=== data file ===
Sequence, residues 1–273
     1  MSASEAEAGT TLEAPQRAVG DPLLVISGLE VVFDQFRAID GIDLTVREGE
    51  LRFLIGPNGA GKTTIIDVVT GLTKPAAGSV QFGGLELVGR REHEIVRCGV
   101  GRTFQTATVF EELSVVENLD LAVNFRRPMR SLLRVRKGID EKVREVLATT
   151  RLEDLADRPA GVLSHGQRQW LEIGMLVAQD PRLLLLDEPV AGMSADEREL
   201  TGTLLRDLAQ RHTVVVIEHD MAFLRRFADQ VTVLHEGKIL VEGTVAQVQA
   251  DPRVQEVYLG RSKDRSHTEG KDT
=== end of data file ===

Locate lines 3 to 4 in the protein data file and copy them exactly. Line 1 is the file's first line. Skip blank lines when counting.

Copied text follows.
    51  LRFLIGPNGA GKTTIIDVVT GLTKPAAGSV QFGGLELVGR REHEIVRCGV
   101  GRTFQTATVF EELSVVENLD LAVNFRRPMR SLLRVRKGID EKVREVLATT